"Cross-gender friendships have much to offer us in broadening and nuancing our understanding of the opposite sex. In addition, since men’s and women’s spiritual journeys differ in some significant ways, a cross-gender friendship can spur us to further growth in ways that same gendered friends who are traveling the same path cannot."
"But in asking questions of cross- sex friendships, we need to question our own skepticism. Is our hunger for answers masking our own fear of being known? Don’t some of us feel like marriage paid the debt we owe to interacting with the opposite sex? And now, we can dismiss the rest of the women (or men) out there as threats to our marriage."
What a year 2014 was! So many great books that indicate Christians are moving more away from the sexualization of friendship within the Christian community. It was quite a challenge to think through my top ten books for 2014. Some of these books were published in 2014. Others are older but I read them for the first time this year. In order to make my top ten a book list, I nominate books which have shaped my thinking about the sexuality-faith-friendship connection this year. There have been some great books I’ve read this year but if they didn’t contribute to the sexuality-faith-friendship connection, they didn’t make the list.
1. Saving Desire: The Seduction of Christian Theology
“By trying to engage desire more directly as a Christian practice, we might also break out of the dichotomy between secular hedonism and oppressive morality. Bringing our sexuality directly into the life of faith through mindfulness and prayer makes it possible to better distinguish what is life-giving from what is debilitating… It is the discovery of how harmful alienated sexuality can be, not least as it serves patriarchal interests at the expense of one's inner wisdom. When we become more attuned to what is destructive and what is healing, we might also acknowledge a wider range of eroticism and love that is life-giving and healing.” Wendy Farley
"Students are expected to arrive at the first class session having already read the entirety of
C. S. Lewis’ essay on “Friendship” in his book The Four Loves and Dan Brennan’s
Sacred Unions, Sacred Passions book. At that first class meeting (June 9), students will
hand in a 2,000-word essay that has three parts: (a) First, the paper should include a
discussion of how Lewis understands the relationship between friendship and romantic
love; (b) second, the paper should discusse whether Dan Brennan’s book agrees or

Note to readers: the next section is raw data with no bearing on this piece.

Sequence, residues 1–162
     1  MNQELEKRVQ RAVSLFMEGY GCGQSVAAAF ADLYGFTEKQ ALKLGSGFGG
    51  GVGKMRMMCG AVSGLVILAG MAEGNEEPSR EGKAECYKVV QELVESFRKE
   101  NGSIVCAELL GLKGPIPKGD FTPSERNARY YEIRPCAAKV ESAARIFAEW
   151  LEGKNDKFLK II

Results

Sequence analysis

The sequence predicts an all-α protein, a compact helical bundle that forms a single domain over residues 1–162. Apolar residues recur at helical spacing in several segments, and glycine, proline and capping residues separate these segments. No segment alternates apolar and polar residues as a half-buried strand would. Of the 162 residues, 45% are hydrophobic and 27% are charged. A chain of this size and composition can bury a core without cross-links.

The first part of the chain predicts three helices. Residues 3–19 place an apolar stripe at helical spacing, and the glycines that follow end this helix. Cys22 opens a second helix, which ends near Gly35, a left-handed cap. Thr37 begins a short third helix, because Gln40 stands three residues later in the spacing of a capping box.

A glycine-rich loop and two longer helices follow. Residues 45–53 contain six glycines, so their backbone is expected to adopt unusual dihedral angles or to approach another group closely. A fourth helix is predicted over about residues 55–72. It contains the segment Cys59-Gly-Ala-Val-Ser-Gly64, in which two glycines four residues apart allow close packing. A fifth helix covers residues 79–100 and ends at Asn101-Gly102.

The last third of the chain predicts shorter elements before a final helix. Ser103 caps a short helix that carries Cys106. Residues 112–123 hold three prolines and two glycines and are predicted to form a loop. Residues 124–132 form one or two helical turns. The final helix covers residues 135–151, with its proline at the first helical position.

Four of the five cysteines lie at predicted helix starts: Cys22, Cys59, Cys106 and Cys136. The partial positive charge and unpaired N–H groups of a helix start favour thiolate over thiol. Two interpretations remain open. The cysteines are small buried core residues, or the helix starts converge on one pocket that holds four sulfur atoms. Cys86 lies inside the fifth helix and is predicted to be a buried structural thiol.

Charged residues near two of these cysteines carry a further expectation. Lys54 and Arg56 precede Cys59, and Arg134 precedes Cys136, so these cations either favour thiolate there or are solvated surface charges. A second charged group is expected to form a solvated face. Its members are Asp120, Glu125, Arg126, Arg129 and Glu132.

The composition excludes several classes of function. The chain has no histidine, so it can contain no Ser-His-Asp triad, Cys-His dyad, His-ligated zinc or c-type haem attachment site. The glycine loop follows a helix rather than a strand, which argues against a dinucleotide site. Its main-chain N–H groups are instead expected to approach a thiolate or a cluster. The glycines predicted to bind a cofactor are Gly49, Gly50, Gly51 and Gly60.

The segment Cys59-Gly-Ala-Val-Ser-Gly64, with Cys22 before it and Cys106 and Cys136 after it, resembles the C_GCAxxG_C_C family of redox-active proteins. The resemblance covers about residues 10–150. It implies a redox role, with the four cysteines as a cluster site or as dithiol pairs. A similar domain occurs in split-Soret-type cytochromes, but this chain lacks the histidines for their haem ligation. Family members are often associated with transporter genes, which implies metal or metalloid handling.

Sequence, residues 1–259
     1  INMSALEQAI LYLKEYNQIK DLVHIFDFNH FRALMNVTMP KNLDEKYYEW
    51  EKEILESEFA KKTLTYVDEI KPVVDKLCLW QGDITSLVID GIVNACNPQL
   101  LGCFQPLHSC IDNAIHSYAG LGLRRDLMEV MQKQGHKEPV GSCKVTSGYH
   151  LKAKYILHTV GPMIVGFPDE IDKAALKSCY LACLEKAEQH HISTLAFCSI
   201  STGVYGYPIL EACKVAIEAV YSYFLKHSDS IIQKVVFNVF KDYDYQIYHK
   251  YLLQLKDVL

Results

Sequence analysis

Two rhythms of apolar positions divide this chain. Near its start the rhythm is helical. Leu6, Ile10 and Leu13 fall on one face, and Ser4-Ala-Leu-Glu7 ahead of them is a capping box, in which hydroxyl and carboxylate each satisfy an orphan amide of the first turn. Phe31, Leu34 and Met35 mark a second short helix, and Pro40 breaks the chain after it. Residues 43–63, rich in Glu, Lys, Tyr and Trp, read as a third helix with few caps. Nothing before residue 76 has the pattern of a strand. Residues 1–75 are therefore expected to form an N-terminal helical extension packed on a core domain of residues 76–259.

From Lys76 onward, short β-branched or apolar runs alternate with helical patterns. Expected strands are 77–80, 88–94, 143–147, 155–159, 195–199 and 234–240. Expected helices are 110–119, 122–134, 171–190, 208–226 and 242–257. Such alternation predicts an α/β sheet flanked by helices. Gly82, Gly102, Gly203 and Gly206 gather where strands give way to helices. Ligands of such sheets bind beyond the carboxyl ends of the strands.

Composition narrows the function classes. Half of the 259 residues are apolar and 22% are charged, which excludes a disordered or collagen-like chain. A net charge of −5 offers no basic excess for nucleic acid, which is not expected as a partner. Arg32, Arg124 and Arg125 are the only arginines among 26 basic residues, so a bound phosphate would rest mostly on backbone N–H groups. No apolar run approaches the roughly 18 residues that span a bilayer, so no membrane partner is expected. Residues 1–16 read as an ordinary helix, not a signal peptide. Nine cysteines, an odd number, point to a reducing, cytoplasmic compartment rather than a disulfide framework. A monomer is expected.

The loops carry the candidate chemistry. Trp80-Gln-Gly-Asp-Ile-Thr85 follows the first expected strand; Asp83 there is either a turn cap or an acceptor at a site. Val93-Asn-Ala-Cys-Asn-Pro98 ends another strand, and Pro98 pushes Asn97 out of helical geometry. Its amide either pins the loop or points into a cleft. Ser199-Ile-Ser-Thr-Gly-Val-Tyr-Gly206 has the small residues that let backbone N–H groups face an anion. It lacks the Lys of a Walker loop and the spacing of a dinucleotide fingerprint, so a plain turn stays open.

disagrees with Lewis’ conclusions about friendship and romantic love; and (c) third, the
paper should indicate where and why the student agrees or disagrees with both Lewis
and Brennan. Each paper should feature a clear, strong thesis statement in its
introduction, and each subsequent section of the paper should contribute to articulating
and defending that thesis."
About every six months I google my name and my book to see if there is any mention about Sacred Unions, Sacred Passions out there I may have missed that I would be interested in. And there it was. A syllabus by Wesley Hill on his class "A Christian Theology of Friendship" that happened last June. Sacred Unions, Sacred Passions was a required textbook for this class. Students had to engage me and Lewis on romantic love and friendship.
"I could never take a chance Of losing love to find romance In the mysterious distance Between a man and a woman."
"You can run from love And if it's really love it will find you Catch you by the heel But you can't be numb for love"
A Man and A WomanU2
December 15 2005. A married man and a single woman both living in the Chicago suburbs embark at noon on a drive together to see U2 playing in Omaha Nebraska that night. The tickets were given to them as an early Christmas gift from the married man's wife. They were both excited to see U2 but they could hardly share their joy with their community because they were both conservative evangelicals at the time.
Married men and single women just don't go alone together to music concerts. Oh yeah, they especially don't take eight hour (one way) road trips together unchaperoned. Embodied redemption, intimate presence, trust, grace, and love only happen in between a man and a woman in romance according to conservative evangelical scripts of dos and don'ts. Embodied redemption carries no deep goodness or beauty between a married man and single woman, unchaperoned.
We told only a trusted few. But not many. I remember she got a call from someone while we were on the way to Omaha. She said to the caller, "You promise to not tell others? Dan and I are on the way to Omaha to see U2 tonight."
One of my closest female friends is taking me out to dinner tonight (in light of my upcoming b-day). Reflecting on the mutual delight between us this deep into the friendship. Evangelicals fear/project that if you experience this much interpersonal delight between the sexes you either a) do sex, or b) undermine marital intimacy. Such reductionism speaks of our small views of God.
Learning to receive and express delight is imitating God’s heart for community. It is a social practice that is healing and life-giving not just to the immediate individuals but to the immediate personal community. This is what it looks like to nurture intimacy within the church between the sexes.
Make no mistake: we are in this massive change of boundary-shifting conversation. Yes, a lot of evangelicals are nervous. Many evangelicals find this boundary-shifting conversation unsettling. It's important that we process this anxiety. It's also important for those of us on the frontline of this conversation to recognize we are in this epic shift in the early part of the twenty-first century. It's essential to respect those who draw different boundary lines. As leaders we have to recognize the amazing breadth and depth of this boundary-shifting conversation.